Namibia’s opposition rejects German reparations deal

By AT editor - 9 June 2021 at 2:19 am
Namibia’s opposition rejects German reparations deal

Namibian opposition leaders rejected a deal negotiated with Germany over the colonial-era deaths of Herero and Nama peoples during a contentious parliamentary session on Tuesday.

The agreement, sought for decades and announced in late May, included a concession from Germany that what happened from 1904 to 1908 did in fact constitute genocide. The governments agreed to a €1.1 billion reparations package that includes funding for reconciliation processes, development projects and land acquisition.

But that’s unacceptable to Popular Democratic Movement (PDM) leaders, and their counterparts in the Landless People’s Movement and other opposition and activist groups.

PDM member Inna Hengari, above, accused the Namibian government of selling out and said that, as a descendant of the affected communities, she rejected the deal. Hengari also said Namibian leaders exceeded their authority in negotiating on behalf of the Herero and Nama, whose ancestors were placed in concentration camps and whose communities were destroyed.

“How is it that we are expecting a German government to recognize, acknowledge and compensate for genocide and killings of Namibian people if our own government has failed to establish a day of remembrance,” she added.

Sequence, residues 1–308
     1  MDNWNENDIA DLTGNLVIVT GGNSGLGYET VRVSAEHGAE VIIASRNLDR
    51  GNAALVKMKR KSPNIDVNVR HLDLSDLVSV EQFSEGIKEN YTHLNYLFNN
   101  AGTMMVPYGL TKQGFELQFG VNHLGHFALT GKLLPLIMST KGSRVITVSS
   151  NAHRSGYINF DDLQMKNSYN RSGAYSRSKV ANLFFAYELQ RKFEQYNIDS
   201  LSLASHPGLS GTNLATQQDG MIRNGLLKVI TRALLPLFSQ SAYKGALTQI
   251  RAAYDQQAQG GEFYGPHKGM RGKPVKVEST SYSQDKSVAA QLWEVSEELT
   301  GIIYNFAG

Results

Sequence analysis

President Hage Geingob has asked Namibians to accept the terms, even if it fails to meet their expectations. Vice President Nangolo Mbumba, speaking on behalf of Geingob as he recovers from COVID-19, detailed on Friday the lengthy process that finally led to Germany’s formal apology and the reparations that have always been denied.

He acknowledged the amount falls short of Namibia’s initial calculation of the cost of reparations, but “based on the principle of give and take” was acceptable with provisions for reassessment in the future.

“The Government appeals to all Namibians, especially the affected communities to remain calm and to think deeply about this highly sensitive matter,” said Mbumba. “The door of the Namibian Government remains open, as it has always been for meaningful advice, discussions and suggestions. The process of consultation is still ongoing.”

Image: PDM

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